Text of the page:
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Re: O2 - CO2 relationship

> Date: Fri, 14 Aug 1998 22:21:16 -0500
> From: George Slusarczuk <yurko at warwick_net>
> Subject: Re: Aquatic Plants Digest V3 #448
> Hello Frank,
> There is no inverse relationship between CO2 and O2 in an open aquarium
> system. At *equilibrium*, the concentration of each dissolved gas is
> independent of each other and depends only on the partial pressure of
> each gas in the atmosphere above.

Hmm.  There's little or no chemical or physical reason for CO2 and O2 to
vary inversely.  There are very good biological reasons for CO2 and O2 to
vary inversely.

Photosynthesis and respiration both enforce that variation, as each
consumes one (oxygen or carbon dioxide) and produces the other.

Plants cause diurnal swings, with O2 up during the day and CO2 down; at
night CO2 increases and O2 increases.  The size of the day-night swing is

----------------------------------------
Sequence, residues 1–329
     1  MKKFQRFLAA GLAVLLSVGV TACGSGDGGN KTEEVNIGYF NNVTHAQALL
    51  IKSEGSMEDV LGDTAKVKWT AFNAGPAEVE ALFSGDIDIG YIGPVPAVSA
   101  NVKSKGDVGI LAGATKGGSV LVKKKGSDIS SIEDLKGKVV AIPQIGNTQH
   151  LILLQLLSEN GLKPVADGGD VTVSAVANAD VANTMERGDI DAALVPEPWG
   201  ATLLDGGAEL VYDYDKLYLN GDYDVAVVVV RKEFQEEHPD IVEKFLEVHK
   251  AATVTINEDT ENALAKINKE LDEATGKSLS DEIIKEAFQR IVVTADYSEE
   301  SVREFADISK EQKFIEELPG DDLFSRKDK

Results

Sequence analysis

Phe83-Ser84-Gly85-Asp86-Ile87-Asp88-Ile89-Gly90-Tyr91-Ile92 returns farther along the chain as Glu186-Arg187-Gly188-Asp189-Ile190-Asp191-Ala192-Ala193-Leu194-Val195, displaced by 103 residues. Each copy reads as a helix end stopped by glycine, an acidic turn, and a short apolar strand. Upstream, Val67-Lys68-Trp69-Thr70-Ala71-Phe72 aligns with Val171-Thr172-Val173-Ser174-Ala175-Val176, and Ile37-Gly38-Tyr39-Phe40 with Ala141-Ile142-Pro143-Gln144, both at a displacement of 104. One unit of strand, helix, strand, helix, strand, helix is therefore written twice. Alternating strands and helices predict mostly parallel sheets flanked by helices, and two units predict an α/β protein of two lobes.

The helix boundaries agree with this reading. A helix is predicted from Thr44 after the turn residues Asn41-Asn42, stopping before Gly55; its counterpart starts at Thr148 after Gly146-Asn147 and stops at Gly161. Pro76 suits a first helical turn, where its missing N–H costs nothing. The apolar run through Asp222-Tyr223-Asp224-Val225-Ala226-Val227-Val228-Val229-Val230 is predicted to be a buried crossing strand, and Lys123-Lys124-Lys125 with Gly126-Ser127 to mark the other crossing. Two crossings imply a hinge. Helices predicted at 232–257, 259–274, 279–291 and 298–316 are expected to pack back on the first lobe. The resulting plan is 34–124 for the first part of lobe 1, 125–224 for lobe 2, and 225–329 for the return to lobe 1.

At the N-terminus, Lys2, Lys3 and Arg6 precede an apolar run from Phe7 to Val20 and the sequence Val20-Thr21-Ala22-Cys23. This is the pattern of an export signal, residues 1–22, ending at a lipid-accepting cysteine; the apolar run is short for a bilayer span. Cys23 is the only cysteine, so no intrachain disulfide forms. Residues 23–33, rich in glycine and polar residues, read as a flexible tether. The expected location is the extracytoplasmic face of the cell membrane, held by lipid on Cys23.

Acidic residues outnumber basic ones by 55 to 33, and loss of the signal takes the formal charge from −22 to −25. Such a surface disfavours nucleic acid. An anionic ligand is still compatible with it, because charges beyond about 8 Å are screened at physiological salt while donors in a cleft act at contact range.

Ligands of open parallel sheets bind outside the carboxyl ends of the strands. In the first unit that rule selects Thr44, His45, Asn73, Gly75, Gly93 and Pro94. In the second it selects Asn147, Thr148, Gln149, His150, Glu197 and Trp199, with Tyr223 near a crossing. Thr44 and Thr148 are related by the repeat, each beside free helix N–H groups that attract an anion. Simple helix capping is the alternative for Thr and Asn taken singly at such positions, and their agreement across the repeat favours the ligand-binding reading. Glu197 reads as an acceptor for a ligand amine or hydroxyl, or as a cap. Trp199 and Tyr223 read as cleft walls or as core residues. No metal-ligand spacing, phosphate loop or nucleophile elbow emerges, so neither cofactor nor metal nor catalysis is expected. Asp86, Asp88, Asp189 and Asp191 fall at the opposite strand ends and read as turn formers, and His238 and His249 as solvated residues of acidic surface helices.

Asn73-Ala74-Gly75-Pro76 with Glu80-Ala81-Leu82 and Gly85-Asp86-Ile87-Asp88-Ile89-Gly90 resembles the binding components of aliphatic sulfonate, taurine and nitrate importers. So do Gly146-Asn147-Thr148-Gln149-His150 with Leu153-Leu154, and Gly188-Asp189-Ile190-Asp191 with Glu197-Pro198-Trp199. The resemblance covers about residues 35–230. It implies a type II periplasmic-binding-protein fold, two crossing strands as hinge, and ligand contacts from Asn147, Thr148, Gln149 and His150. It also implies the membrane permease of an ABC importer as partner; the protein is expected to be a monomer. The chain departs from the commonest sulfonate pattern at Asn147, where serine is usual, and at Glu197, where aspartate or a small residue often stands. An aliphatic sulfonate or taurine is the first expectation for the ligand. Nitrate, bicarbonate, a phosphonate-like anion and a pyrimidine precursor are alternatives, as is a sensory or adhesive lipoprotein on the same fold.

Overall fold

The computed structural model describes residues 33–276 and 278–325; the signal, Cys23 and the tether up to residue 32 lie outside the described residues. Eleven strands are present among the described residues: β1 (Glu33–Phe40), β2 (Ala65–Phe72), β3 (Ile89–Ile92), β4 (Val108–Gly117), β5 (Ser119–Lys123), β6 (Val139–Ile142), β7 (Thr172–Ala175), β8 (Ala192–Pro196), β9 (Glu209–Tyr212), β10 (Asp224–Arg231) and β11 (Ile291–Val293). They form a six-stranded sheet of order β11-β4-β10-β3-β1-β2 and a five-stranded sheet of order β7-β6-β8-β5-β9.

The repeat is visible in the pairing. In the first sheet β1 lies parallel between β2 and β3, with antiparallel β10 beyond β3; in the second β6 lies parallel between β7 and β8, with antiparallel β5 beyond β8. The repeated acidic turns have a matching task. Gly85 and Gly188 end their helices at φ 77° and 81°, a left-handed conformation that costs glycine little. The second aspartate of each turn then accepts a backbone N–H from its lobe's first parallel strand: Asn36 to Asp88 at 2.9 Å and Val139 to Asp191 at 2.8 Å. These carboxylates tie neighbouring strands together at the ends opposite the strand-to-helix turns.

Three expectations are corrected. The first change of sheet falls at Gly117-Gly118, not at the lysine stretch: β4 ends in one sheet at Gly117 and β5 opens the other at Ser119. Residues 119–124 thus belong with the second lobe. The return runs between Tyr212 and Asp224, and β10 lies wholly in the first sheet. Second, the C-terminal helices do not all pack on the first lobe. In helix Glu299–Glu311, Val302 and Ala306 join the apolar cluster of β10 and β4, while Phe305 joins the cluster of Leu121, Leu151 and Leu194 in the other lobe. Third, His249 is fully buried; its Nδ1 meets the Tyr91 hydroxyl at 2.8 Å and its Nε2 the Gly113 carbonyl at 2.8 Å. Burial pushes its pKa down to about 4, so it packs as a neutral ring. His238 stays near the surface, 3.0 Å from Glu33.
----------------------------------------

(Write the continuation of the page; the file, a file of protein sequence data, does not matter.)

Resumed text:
determined by the rates of photosynthesis and plant respiration.

Respiratory activity by microbes (especially) and animals in the tank is a
different matter.  An increase in respiratory activity due to changes in
population size, food supply or nutrient competition will increase CO2
(the product of respiration) and decrease O2 (consumed during

In a well-circulated tank, you might see drops of several mg/l in the O2
content and even larger increases in the CO2 content caused by increases
in respiration rates. Unless you are making some long-term change in your
tank maintenance those changes will be short-term, but they may last for a
few days or even weeks.

That inverse relationship may be very strong in a substrate where the
circulation is reduced.

That said, turning CO2 off at night won't change the O2 content of the
water at night.  There might me a lag in the increase in O2 the next
morning, as CO2 concentrations will have to build up before photosynthesis
gets into full swing.

I hope I never venture into a realm of aquarium keeping where that becomes
important.  That could be part of my "optimum" definition.

Roger Miller